Marathoner from the Spa World
Anni Hood, group spa director and creator of Talise, the Jumeirah spa brand, flew in from Dubai to run this race – her first marathon. A friend of hers, Maria Keeley from London, joined her. Both had begun training about nine months ago for the 26.2 mile race, which begins on Staten Island and winds through all of the five boroughs before finishing in Central Park.
Anni trained in the heat of the Dubai desert and Maria trained mostly indoors on a treadmill in London. The night before the race I was happy to join them for the typical pre-race-carbo-loading meal…pasta, bread and dessert.
Bob Henry, renowned spa architect, and his lovely wife Nancy planned the post-marathon celebration. After all, their apartment is right across the street from Central Park and just a short walk from the finish line. Along with their two young children, they headed over at the appointed time to hopefully get a glimpse of Anni and Maria finishing. I too had made it into the bleachers at the finish line arriving hours earlier, camera in hand, and had the chance to watch thousands of smiling runners complete the 26.2 miles to the backdrop of fall foliage just slightly past peak. Pride was what I saw on the runner’s faces and admiration from the cheering crowd – and certainly from me.
Paula Radcliff from the U.K. won the women’s division, finishing in approximately two hours and 24 minutes, and took home the $165,000 in prize money (I watched her cross the finish line from home on my TV.) It would be at least another two hours before Anni and Maria would trot across the finish.
And finish they did. Never mind that Bob and I couldn’t find each other or them until much later…(It isn’t easy to navigate through 2 million spectators and all those runners, although the organization of the event was superb.) We did all finally convene at Bob and Nancy’s flat.
I didn’t realize until later when we were at Bob and Nancy’s apartment snapping photos of the two of them in their mylar wraps (they give each runner one when they finish which serves as kind of like a blanket) with medals around their necks, that I learned that Bob had run the New York marathon five or six times in the past. I, too, have crossed two marathon finish lines, albeit 20 to 25 years ago – the Fiesta Bowl Marathon in Arizona (the only down-hill marathon in the country) and the San Diego Marathon in California.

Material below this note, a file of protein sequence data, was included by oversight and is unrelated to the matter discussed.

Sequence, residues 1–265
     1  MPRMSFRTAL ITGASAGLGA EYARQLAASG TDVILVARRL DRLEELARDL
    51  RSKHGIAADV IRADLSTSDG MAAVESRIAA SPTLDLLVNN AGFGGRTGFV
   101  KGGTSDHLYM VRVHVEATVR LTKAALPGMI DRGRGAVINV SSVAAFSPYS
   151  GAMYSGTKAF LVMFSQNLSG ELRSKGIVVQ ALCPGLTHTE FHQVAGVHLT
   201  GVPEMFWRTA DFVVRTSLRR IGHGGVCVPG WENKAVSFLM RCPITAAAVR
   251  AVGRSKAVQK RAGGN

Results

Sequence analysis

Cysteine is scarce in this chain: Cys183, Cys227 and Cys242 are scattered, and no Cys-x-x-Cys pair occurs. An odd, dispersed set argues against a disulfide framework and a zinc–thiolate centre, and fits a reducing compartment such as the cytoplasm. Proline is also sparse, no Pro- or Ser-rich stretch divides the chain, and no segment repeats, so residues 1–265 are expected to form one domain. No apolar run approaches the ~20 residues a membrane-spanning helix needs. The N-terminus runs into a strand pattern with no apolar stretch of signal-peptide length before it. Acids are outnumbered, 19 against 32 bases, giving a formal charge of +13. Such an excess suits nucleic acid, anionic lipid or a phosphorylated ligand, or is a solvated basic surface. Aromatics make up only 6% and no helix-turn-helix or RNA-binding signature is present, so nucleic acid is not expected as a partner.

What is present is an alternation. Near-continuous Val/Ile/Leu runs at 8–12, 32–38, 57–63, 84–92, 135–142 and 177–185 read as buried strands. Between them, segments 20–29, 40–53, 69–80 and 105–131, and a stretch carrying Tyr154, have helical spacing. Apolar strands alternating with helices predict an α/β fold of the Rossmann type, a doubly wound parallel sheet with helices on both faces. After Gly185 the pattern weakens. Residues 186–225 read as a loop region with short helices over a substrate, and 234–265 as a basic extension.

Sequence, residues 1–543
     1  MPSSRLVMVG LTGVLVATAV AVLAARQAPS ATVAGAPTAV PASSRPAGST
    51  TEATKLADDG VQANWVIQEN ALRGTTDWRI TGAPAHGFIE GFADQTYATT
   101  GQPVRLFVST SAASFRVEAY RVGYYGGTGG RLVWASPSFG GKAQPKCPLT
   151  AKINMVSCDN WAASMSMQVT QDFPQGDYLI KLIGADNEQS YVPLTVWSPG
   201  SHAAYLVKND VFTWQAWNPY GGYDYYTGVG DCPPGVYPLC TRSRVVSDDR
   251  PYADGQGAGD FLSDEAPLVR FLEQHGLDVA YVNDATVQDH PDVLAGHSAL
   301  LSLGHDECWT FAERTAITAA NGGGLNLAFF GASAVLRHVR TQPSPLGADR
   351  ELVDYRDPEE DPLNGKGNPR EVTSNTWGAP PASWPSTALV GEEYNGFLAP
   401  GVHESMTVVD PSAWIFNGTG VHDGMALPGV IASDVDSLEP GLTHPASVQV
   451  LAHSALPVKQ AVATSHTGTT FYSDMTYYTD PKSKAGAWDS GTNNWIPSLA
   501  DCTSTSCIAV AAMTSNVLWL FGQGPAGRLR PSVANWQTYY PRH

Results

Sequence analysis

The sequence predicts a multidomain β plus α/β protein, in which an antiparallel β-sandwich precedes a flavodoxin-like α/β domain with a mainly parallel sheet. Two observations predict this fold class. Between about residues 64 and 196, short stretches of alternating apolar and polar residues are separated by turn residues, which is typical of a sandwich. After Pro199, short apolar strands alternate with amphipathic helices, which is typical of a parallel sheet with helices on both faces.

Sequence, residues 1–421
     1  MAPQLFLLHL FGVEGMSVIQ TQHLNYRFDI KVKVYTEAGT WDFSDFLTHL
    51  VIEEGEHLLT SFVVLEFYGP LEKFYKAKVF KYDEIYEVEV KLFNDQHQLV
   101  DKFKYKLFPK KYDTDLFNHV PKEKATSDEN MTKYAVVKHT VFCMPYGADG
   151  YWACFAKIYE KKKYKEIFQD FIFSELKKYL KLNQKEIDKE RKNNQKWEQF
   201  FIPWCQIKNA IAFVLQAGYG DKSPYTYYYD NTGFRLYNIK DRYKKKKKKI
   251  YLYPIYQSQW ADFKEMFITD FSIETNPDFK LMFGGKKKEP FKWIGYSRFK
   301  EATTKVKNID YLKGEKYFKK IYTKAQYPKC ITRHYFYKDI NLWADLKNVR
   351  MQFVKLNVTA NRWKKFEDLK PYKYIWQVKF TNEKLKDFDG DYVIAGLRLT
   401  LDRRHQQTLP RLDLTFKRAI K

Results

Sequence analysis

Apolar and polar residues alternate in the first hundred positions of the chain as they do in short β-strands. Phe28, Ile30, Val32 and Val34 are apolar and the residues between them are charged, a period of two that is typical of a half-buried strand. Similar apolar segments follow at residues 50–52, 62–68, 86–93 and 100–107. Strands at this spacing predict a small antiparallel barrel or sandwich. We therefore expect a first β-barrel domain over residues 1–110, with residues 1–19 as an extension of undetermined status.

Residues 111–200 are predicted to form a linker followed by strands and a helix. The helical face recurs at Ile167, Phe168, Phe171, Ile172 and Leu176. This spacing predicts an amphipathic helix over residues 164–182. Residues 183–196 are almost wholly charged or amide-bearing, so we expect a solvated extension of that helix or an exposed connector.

I remember the excitement of getting the t-shirts that they handed out back then, thinking I might frame them or at least I would keep them forever.
Well, I don’t really know what happened to those t-shirts, but in time they weren’t really that important. Just knowing that I persevered 26.2 miles amidst pain and suffering was enough. And so as Bob said, Annie and Maria have now joined the “fraternity” of those of us who have completed a marathon.
A lot has changed since my marathon days. Runners now wear computer chips so everyone can keep track of them at all times. Times are automatically recorded, photos are snapped, when they cross the finish line. I suppose, you can get an accurate count of those who don’t finish…and those who are hauled off in ambulances.
What hasn’t changed however is the pride of accomplishment. It shows a certain amount of perseverance – more to yourself than to others I think. While one of the people at the after-party said that it seems stupid to put your body through this, I think that Bob, Anni, Maria and I know that it doesn’t feel stupid to us.
We also realize that there is no point in trying to explain it to someone who hasn’t run a marathon. It is satisfying enough to know we had completed that journey. And the memory of having learned how amazing the physical body is, and what your mind has pushed through…well, it gives you a little oomph in life when things get tough. Congratulations to Anni and Maria.